Some Other Border

Onwards to Phnom Penh

We caught a bus mid-morning bound for Cambodia. We were cautious of the land-border crossings, having heard tales of all manner of fraud and extortion, such as the con artists in authentic uniforms who try to sell you a bogus visa while you stand in line. Luckily, our crossing was fairly seamless, aside from a momentary power outage at the Cambodian immigration checkpoint when one of the officers fired up an extra computer. Soon we were back on the bus, hurtling down the road and leaving Vietnam in our dust.

I've never experienced such a stark difference in scenery when crossing a border. Past the five kilometre stretch of border hotels and shopping malls, the countryside appeared completely different to what we had seen in Vietnam. Flat expanses of dusty red fields, elevated wooden homes, the elegant Khmer script on signs, the horned white cattle grazing along the roadside, far fewer scooters.

After a couple of hours we arrived at a short ferry crossing. From my perch in the bus I could see a handful of women moving between the lines of cars and trucks selling food. One of them approached our bus, her wide basket balanced on her outstretched arm. The basket held bamboo skewers of small black bats grilled with chili. I wanted one desperately, and cursed my luck to find that the bus had started moving again, that the windows were the kind that cannot open.

As we rolled onto the ferry, a man was stepping off with a semi-tranparent grocery bag swinging from his hand. Inside I could see the mottled olive drab of some kind of small python, perhaps two inches in diametre. The snake was either taking a nap in the bag or on its way to being something tasty. Welcome to Cambodia, land of culinary delight.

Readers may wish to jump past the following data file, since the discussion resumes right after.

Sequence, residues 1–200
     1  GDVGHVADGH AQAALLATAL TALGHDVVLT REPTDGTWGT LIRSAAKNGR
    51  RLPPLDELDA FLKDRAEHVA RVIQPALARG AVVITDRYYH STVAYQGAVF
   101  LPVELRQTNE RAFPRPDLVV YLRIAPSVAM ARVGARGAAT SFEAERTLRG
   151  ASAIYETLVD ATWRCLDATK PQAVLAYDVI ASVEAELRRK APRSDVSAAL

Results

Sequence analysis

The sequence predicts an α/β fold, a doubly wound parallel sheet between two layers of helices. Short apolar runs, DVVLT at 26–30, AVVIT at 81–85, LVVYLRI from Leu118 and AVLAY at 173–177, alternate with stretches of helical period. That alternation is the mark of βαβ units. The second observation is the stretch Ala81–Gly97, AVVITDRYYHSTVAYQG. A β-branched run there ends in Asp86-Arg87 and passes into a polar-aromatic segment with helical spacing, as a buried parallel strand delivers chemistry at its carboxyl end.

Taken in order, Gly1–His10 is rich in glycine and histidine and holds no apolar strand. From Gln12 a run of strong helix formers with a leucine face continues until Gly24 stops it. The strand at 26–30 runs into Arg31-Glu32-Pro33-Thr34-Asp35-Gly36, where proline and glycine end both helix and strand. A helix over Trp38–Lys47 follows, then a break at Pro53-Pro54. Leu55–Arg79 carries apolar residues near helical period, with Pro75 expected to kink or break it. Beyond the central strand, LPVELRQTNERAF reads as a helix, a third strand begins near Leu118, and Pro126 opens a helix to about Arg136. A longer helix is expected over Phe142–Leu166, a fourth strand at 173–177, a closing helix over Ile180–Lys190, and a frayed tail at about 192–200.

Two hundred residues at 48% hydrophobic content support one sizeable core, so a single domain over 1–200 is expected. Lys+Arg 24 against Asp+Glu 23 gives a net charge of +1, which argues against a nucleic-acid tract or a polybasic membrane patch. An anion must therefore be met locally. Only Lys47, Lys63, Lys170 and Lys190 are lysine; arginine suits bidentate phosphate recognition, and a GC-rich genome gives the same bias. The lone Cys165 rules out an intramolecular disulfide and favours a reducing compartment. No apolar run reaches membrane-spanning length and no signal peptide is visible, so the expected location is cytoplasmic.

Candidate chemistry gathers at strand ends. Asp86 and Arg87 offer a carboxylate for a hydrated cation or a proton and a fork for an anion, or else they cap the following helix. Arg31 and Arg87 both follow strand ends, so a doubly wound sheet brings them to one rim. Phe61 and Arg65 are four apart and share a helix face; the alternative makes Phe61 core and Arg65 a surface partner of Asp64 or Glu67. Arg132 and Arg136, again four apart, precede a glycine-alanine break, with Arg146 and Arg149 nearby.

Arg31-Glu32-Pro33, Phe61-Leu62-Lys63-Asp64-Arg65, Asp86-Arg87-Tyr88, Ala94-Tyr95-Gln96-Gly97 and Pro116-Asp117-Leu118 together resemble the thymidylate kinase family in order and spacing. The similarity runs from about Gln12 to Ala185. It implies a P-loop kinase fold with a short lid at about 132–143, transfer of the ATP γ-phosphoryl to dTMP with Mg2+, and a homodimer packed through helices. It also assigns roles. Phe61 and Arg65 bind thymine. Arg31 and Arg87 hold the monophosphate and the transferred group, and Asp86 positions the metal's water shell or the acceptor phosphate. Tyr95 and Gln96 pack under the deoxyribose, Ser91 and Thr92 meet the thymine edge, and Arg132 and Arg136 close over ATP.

The sun had just set when we arrived in Phnom Penh. We hopped off the bus to the waiting mob of pushy tuk-tuk drivers, luring us with singsong offers and grabbing at our bags. Having grown somewhat accustomed to this sort of thing, we beelined around a corner to re-group. We realized that we had not really done much research on potential places to stay, and that the city didn't have the same kind of concentration of cheap hotels in one discernable district we could aim for. We ended up following the suggestion of a girl from the bus, who knew of a hostel not too far away that definitely had rooms free. Off we trudged.

After settling in, we went for a drink down by the river. We found a street of overpriced bars and restaurants facing out onto hazy darkness that suggested the presence of water. Every time I strayed a few paces behind or ahead of the girls, without exception, a man would offer me "smoke," "skunk," and/or "opium." Disappointed by the development, and not really that keen on eating burgers, we headed back into the warren of narrow poorly lit streets to find somewhere cheap and local. After dinner I bought a bottle of Cambodian whisky from a mini-mart for $1.25. It was actually pretty good, a bit like Jim Beam.

It was an early night for us, after a long day, although the locals seemed to follow suit, leaving the streets quite deserted by ten o'clock. We settled in to our windowless hostel room with the air conditioning blasting, and I turned my thoughts to the disturbing days ahead.